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May and Clinton: A World Ordered by Women

This article is written by a student writer from the Her Campus at Bristol chapter.

Something has dirtied our political climate. A question that plagues many of our minds has been, how did we make such a categorically disastrous decision to leave the European Union. Or, perhaps, how did we make such a categorically disastrous decision to let Donald Trump get this far in the American Presidential Campaign?

In an article by Vanity Fair, writer Henry Porter claims Theresa May “does a good impression of the White Queen’s surreal certainty in Alice and Wonderland”. Known for her tag-line, “Brexit means Brexit,” Theresa May has reigned supreme as leader of the Conservative Party. A face of stoicism and rigidity, May has been a political sentry in a national deeply shaken.

As “The White Queen” descends into 10 Downing Street, parallels are inevitable and irrefutable between May and Hilary Clinton. Both experienced with maneuvering and operating power systems, the two women have been well-established within the political scene for years. While they may not have been everyone’s first (or second) choice, there is a sense of united certainty that both women know the job and are retain some degree of lucidness at a time of political upheaval.

Skilled yet somewhat militant, criticized for their lack of oratorical charisma yet praised for their work ethic and political proficiency, May and Clinton form a tempting narrative of women “sorting out” the mess of their political contemporaries. While May is tough with her male colleagues, Clinton is single-handedly fighting Donald Trump’s appeal as the machismo “businessman” president. His self-interested plea for “straight-talking” and “no-nonsense negotiation” ironically threatens the economy and would lead America further into debt.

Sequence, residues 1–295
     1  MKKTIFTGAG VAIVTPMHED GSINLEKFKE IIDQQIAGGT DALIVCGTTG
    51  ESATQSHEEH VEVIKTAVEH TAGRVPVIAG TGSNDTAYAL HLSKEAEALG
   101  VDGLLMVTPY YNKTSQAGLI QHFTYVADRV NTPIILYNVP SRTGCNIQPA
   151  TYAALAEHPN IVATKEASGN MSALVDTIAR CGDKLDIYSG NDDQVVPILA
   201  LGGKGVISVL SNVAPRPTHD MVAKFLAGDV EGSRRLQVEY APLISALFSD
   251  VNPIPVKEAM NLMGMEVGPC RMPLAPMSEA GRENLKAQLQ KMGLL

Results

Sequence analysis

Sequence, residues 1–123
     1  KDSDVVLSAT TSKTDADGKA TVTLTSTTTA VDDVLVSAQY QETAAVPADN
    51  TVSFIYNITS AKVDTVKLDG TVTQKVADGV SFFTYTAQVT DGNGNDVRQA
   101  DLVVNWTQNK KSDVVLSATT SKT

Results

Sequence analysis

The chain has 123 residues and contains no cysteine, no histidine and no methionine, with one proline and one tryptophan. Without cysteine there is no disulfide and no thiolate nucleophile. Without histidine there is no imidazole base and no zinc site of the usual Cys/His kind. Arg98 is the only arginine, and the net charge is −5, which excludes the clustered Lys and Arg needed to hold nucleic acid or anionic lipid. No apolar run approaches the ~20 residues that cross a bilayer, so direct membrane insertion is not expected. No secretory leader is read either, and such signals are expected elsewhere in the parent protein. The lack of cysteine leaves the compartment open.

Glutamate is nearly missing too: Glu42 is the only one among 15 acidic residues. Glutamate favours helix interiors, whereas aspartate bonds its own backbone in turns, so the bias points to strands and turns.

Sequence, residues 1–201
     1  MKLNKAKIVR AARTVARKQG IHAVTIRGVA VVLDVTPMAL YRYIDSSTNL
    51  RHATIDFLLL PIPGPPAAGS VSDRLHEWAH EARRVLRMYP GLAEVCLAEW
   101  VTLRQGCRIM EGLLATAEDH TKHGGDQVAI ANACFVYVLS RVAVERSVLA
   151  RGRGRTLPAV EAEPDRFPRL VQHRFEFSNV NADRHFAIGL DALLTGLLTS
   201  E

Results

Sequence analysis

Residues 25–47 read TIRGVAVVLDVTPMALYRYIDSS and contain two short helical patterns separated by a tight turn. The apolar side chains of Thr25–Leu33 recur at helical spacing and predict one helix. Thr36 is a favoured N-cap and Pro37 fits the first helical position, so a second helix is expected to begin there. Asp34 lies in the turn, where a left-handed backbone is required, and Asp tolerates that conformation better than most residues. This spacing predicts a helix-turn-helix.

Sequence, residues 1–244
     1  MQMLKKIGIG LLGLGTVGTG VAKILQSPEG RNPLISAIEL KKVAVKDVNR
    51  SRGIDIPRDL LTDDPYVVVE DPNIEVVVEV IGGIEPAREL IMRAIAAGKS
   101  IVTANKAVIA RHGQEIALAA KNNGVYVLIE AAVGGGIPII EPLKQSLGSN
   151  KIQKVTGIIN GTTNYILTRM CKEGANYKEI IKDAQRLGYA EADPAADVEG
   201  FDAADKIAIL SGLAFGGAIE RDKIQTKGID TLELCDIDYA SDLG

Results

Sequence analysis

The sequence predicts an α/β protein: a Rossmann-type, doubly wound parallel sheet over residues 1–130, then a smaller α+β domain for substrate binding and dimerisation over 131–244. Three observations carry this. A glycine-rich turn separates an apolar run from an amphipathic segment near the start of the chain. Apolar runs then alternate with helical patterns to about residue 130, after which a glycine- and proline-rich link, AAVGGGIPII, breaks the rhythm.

(Photo Credit: www.sheknows.com)

The radicalism demonstrated in British and American culture has pulled well-established women, like May and Clinton, up in the ranks as solid forces amidst a fluctuating political landscape. A tough sense of grittiness combined with an awkward political presence seems to define both women as many of the public are left equally curious about how the women will govern once in charge.

Not without controversy (May’s opposition of gay marriage because of religious views and Clinton’s e-mail leaks), both have garnered international applause because of their emphasis on inclusivity and their level-headed approach to difficult social issues, despite their own personal beliefs. While both have struggled, arguably successfully, in navigating a complex social environment, Clinton and May have the same unfortunate battle against sexist impositions on their character. Criticized when seeming overtly ambitious, yet praised when appearing hardworking and diligent, media representation of the pair has made it clear that top jobs in politics are always more complicated for women.

May has even been criticized for her lack of children and Clinton criticized for her “hormonal” reactions to Trump. But regardless of May and Clinton’s personality traits, it is increasingly evident that women cannot simply campaign, they have to answer questions with a conscious awareness of neither appearing excessively ambitious and Trump-like yet also not overly sensitive and ‘maternal’.

While their popularity remains uncertain, what remains clear is that both Clinton and May must master the balancing act of appearance verses action, reputation verses image.

Zoe Thompson

Bristol '18

President of Her Campus Bristol.
Ilka Kemp - Hall is Features Editor of HC Bristol. Currently studying English Literature at the University of Bristol.